A vintage IND train rolled through the Rockaways Thursday to celebrate the A train's return to the peninsula seven months after superstorm Sandy.

By noon, straphangers had an A train with regular service, which cost more than $75 million to restore.

"Today, we get the people of the Rockaways all the way home," said Peter Rogoff, administrator of the Federal Transit Administration.

The fanfare for the service restoration also included cheering MTA and contract workers, a singing group wearing A line T-shirts, and cookies with the train's symbol.

MTA and contractor crews faced a daunting task to get the line back in service for the summer, including removing 3,000 tons of debris, replacing 270,000 feet of signal cable, and repairing the Broad Channel and Beach 116th Street stations.

"The numbers are staggering," Fred Smith, a senior vice president and chief engineer for New York City Transit, said of the repair effort.

Smith said the subway shutdown in the Rockaways allowed workers to make repairs nearly around the clock. "That enabled us to do well more than a year of work in seven months," Smith said.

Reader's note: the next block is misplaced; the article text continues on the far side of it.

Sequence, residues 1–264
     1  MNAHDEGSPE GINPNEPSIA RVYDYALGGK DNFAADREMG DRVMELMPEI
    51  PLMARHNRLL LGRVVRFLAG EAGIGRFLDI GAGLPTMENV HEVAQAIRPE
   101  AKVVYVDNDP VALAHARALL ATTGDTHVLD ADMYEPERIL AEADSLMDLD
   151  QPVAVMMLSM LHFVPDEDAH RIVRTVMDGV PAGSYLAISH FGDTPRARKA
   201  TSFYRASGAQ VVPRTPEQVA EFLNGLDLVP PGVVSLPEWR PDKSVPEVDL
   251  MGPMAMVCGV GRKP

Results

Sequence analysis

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While service has been restored to the Rockaways, more work needs to be done to a line that sustained an estimated $650 million in damages.

Still, residents were pleased they will no longer be stuck in commutes that can stretch up to three hours.

"People in the Rockaways really needed it," said Danny Ruscillo, a Community Board 14 member. "Now we have a little relief."

Vinicius Goulart, 32, a photographer from Williamsburg, Brooklyn, said he was surprised to see the line back up while he was in the Rockaways for a day at the beach. "People can come for the summer now," he said. "It'll be so much easier."